A new organisation for women who have children by priests is being set up by a mother who says her two children were fathered by a Roman Catholic cleric. Adrianna Alsworth, founder of Sonflowers, said the group was needed because women who have had relationships with priests often have no one to turn to.
"There is nobody else to give them advice. They have been involved with men they first thought were caring, and powerful. But if a priest is told to stop seeing a woman, she can feel abandoned."
"Catholic priests are men who are called Father by everybody, except their children, who can only call them uncle," said Ms Alsworth. She named the father of her two daughters - Catherine, three and 18-month-old Francesca - as a Catholic priest.
An existing support group for women who have relationships with Catholic clergy said yesterday there could be "hundreds" of priests involved in secret liaisons.
The spokeswoman for Seven-Eleven, named only as Ann, said the group knew of 80 liaisons for certain, but agreed that, based on hearsay evidence, there were "hundreds" in total.
Speaking on BBC Radio Four's Sunday programme, she said that a common thread with the relationships was that they were initiated by the priests, who had on occasions abused their position of power.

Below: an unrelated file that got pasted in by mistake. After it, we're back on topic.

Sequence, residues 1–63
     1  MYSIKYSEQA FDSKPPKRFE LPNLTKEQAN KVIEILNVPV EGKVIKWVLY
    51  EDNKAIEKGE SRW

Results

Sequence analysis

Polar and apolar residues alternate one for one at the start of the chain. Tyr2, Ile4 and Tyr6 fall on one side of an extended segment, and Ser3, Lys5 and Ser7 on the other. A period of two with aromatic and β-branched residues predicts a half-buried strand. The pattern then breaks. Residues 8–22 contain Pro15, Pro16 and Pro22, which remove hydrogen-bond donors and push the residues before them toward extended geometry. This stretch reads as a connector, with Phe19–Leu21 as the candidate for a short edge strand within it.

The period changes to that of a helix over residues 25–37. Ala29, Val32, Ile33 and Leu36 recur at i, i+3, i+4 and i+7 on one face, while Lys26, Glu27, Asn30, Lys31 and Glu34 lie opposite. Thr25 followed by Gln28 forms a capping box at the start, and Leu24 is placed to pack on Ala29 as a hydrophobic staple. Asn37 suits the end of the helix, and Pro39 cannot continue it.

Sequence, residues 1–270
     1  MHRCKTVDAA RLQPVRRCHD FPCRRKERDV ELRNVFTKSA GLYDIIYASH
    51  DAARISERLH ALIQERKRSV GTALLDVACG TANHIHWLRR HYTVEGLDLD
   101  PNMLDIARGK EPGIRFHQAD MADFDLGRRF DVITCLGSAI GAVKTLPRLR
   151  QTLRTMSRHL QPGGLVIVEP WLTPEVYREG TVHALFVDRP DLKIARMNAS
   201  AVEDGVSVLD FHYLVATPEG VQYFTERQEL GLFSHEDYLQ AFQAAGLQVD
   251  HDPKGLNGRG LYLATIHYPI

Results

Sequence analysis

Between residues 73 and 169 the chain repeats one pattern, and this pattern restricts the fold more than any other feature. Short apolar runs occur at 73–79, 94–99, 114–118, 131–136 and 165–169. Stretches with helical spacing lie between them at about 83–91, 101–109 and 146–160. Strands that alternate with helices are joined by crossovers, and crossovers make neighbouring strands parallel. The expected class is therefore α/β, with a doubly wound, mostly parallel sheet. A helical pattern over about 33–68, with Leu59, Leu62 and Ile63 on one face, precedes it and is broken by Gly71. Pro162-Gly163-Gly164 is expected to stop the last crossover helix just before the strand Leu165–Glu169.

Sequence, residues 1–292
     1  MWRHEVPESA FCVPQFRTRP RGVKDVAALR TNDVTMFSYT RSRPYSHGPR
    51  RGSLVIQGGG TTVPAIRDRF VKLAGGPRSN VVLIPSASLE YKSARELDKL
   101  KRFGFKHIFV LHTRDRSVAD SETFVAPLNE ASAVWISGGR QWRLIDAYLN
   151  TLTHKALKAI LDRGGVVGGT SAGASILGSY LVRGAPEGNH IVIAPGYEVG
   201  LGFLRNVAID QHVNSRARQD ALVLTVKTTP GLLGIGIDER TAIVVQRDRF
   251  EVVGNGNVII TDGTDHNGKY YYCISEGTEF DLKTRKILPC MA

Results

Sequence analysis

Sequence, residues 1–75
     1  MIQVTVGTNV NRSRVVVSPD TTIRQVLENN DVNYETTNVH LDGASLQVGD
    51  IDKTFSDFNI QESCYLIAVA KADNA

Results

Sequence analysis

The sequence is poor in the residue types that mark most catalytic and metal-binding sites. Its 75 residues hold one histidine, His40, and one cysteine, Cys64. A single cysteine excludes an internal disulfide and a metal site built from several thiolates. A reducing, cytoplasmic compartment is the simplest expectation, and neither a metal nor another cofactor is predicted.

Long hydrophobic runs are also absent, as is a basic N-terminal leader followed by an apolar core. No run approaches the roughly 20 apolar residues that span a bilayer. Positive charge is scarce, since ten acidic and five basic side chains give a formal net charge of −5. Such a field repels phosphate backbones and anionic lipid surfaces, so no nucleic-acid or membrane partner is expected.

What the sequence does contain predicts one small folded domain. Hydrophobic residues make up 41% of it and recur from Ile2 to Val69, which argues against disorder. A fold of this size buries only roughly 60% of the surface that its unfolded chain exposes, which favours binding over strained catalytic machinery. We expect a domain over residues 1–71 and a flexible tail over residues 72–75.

"In some cases women have gone for pastoral care and the situation has been taken advantage of." Ann, herself involved with a priest, said that most of the clerics were emotionally "extremely" immature but reserved most of her criticism for the Catholic hierarchy.
"We want to get the bishops to listen to all the women and indeed listen to their men. They are not doing them any favours by constantly treating them as if any liaison with a woman somehow indicates they are sick."
One hopeful sign was a meeting due shortly between the group and a senior bishop, who had reacted positively to their call for a more open and humane attitude, she said.
Seven-Eleven thinks celibacy should be an option, separate from that of a priestly calling, and wants the church to set up a body which would consider allegations of professional misconduct.
There was a move in this direction at the weekend when Archbishop Keith O'Brien, of St Andrews and Edinburgh, said the Catholic Church in Scotland may consider calling in outside help to investigate future claims concerning the behaviour of priests.
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